J.M. Coetzee‘s novel Disgrace is regarded by The New Yorker as “not a hard or obscure book — it is, among other things, compulsively readable — but what it may well be is an authentically spiritual document, a lament for the soul of a disgraced century.” Coetzee (b. 1940, Cape Town) studied first at the University of Cape Town and later at the University of Texas at Austin, where he earned a Ph.D. degree in literature and wrote a stylistic analysis of Samuel Beckett for his dissertation. In 1972 he returned to South Africa and joined the faculty of the University of Cape Town. He is currently a Research Fellow at the University of Adelaide in south Australia and a member of the Committee on Social Thought at the University of Chicago.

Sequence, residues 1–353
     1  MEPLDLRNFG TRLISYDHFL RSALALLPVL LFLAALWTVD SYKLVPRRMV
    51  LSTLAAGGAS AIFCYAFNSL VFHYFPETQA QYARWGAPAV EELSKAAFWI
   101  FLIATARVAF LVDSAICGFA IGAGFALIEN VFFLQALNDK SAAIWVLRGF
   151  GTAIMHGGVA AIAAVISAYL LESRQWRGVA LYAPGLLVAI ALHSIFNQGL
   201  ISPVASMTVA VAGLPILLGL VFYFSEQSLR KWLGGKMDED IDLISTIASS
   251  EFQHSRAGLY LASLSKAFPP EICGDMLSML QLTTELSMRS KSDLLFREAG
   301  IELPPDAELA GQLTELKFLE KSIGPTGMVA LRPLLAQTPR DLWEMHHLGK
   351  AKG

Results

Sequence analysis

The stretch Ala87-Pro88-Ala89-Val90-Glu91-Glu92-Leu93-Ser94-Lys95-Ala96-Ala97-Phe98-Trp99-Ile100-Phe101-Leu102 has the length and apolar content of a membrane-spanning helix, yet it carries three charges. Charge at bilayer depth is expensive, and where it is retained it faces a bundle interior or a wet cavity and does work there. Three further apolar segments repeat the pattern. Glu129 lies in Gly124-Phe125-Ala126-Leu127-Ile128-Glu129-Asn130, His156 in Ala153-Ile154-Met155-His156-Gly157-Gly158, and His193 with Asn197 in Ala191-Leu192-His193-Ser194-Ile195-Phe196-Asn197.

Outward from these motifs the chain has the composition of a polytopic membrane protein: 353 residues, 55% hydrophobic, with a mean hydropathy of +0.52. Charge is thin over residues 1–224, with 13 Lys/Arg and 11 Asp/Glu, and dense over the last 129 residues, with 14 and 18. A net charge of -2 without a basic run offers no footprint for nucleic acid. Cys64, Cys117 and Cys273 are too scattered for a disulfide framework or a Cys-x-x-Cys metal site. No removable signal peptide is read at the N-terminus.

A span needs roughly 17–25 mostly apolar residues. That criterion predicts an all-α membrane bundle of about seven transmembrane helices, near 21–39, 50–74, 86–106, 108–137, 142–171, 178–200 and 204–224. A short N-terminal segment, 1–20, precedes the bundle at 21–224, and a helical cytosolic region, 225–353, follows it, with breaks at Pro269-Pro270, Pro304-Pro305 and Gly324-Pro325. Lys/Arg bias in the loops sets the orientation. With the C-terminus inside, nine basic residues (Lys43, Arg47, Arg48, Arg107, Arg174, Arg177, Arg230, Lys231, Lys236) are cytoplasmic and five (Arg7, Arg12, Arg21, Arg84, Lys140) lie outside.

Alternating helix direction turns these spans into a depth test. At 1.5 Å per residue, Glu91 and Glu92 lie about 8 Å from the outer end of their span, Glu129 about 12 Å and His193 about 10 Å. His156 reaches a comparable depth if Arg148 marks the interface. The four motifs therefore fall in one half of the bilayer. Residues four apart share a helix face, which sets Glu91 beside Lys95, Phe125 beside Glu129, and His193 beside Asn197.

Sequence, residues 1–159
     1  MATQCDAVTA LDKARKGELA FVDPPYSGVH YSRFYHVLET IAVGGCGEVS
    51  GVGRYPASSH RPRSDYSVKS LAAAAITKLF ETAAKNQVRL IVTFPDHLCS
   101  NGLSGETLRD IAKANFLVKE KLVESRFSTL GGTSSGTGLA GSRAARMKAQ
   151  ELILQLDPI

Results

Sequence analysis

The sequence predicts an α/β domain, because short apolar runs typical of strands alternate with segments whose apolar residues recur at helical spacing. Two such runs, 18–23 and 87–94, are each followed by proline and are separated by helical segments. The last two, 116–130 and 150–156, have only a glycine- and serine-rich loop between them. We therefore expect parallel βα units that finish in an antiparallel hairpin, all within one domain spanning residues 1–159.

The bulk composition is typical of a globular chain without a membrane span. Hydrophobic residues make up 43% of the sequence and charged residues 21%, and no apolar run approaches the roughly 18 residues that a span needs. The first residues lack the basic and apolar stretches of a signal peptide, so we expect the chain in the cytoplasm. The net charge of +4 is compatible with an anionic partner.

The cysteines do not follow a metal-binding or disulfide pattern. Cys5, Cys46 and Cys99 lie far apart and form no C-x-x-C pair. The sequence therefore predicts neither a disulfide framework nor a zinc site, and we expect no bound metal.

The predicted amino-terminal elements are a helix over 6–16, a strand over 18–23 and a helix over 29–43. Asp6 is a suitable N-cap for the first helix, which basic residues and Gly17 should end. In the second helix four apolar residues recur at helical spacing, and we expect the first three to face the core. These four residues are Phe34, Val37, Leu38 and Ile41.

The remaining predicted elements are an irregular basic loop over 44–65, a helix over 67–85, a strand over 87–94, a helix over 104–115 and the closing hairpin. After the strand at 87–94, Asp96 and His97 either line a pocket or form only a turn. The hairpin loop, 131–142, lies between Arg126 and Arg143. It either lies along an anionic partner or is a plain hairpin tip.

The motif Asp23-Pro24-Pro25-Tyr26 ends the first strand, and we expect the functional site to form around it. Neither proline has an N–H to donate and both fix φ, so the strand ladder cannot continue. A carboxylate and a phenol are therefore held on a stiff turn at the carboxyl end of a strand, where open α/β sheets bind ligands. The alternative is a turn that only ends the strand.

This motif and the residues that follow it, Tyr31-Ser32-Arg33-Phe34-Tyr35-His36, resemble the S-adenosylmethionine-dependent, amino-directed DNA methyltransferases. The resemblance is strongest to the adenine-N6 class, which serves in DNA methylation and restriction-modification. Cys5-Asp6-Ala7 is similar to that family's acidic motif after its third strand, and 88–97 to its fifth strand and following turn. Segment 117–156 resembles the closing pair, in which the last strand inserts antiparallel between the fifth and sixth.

His works of fiction include Dusklands, Waiting for the Barbarians, which won South Africa’s highest literary honor, and Life and Times of Michael K, for which Coetzee was awarded his first Man Booker Prize in 1983. He has also published several essay collections, translations, and two volumes of memoirs. He won the 2003 Nobel Prize in Literature among other awards, including the Lannan Award for Fiction, the Jerusalem Prize, and The Irish Times International Fiction Prize. In 1999 he again won Britain’s prestigious Booker Prize for his eighth novel, Disgrace, becoming the first author to win the award twice in its 31-year history.